But, whatever it may have been, it was the means of guiding to the Savior, from far-off lands, the most studious minds, of the age. Making a long and difficult journey, these representatives of the Gentiles at last arrive at the place where the young Child is. Lo! the kings of Seba and Sheba offer gifts, “gold, and frankincense, and myrrh.” Wise men, the leaders of their peoples, bow down before Him, and pay homage to the Son of God.

    Wherever Christ is, He is honorable. “Unto you that believe He is an honor.” Even in the day of small things, when He is denied such entertainment as He deserves, and is hidden away with things which are despised, He is still most glorious. Christ, though a Child, is still King of kings; though among the oxen, He is still distinguished by His star.

    It would not be possible to tell how far off the native country of these wise men lay; it may have been so distant that the journey occupied nearly the whole of the two years of which they spake concerning the appearance of the star. Traveling was slow in those days, surrounded with difficulties and dangers. They’ may have come from Persia, or India, or Tartary, or even from the mysterious land of Sinim, now known to us as China. If so, strange and uncouth must have been the speech of those who worshipped around the young Child at Bethlehem, yet needed He no interpreter to understand and accept their adoration.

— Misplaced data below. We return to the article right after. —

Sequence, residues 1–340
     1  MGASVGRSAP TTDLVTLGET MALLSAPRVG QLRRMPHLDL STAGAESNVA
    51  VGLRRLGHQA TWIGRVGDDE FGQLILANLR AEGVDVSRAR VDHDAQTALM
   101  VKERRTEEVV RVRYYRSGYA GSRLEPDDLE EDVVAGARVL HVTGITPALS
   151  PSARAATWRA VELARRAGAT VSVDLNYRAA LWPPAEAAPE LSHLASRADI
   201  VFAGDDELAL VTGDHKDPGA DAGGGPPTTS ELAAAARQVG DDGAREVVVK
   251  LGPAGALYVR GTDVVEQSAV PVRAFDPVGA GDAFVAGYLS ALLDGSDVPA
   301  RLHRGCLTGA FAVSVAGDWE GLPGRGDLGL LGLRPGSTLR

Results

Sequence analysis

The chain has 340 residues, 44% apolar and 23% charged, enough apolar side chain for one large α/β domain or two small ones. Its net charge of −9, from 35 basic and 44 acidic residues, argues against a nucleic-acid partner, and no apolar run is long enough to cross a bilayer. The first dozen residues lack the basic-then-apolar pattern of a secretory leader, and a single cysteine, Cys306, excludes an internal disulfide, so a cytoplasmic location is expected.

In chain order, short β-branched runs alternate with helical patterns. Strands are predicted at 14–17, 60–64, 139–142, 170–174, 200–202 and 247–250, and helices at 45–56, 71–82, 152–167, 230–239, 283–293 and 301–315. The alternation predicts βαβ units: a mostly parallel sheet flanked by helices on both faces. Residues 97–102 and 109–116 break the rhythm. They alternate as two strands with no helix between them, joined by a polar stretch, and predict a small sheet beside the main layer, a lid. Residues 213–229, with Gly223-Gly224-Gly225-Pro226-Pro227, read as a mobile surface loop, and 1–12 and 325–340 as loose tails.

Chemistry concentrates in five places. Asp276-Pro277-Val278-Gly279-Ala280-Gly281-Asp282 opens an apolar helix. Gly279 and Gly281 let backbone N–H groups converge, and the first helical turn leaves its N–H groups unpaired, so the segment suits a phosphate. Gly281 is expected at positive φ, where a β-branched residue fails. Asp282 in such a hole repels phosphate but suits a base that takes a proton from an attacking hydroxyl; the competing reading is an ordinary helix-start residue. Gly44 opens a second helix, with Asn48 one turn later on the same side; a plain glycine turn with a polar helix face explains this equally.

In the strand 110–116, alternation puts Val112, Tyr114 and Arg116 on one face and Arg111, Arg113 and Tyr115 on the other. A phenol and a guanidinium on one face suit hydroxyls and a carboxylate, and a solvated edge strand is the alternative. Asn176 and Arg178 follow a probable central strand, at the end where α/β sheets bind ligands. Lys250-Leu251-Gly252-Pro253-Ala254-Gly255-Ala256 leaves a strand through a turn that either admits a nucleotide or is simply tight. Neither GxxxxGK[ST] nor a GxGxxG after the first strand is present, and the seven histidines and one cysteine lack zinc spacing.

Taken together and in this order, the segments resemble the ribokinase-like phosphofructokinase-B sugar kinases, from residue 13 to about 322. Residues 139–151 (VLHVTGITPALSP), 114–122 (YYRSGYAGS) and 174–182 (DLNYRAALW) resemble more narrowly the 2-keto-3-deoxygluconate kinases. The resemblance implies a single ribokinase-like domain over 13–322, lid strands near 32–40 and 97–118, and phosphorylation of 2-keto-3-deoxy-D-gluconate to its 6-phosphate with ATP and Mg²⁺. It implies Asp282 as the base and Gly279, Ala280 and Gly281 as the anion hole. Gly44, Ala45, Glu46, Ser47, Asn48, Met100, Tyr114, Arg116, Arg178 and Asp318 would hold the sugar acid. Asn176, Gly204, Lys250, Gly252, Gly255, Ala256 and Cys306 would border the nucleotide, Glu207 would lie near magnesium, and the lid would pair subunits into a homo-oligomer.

Why was the birth of the King of the Jews made known to these foreigners, and not to those nearer home? Why did the Lord select those who were so many hundreds of :miles away, while the children of the kingdom, in whose very midst the Savior was brought forth, were yet strangely ignorant of His presence? See here again another instance of the sovereignty of God. Both in shepherds and in ]];astern magi gathering around the young Child, I see God dispensing His favors as He wills; and, as I see it, I exclaim, “Even so, Father; for so it seemed good in Thy sight.” As of old, there were many widows in Israel in the days of Elias the prophet, yet unto none of them was he sent, but unto the woman of Sarepta, a city of Sidon, so there were many among the Jews who were called wise men, but unto none of them did the; star appear; but it shone on Gentile eyes, and led a chosen company from the ends of the earth to bow at Emmanuel’s feet.

    Sovereignty, in these cases, clothed itself in the :robes of mercy. It was great mercy that regarded the low estate of the shepherds, and it was farreaching mercy which gathered from lands which lay in darkness a company of men made wise unto salvation. Mercy, wearing her resplendent jewels, was present with Divine sovereignty in the lowly abode of Bethlehem. Is it not a delightful thought that, around the cradle of the Savior, as well as around His throne in Heaven, these two attributes meet?

    He makes Himself known, — and herein is mercy; but it is to those whom He has chosen — and herein He shows that He will have mercy on whom He will have mercy, and He will have compassion on whom He will have compassion.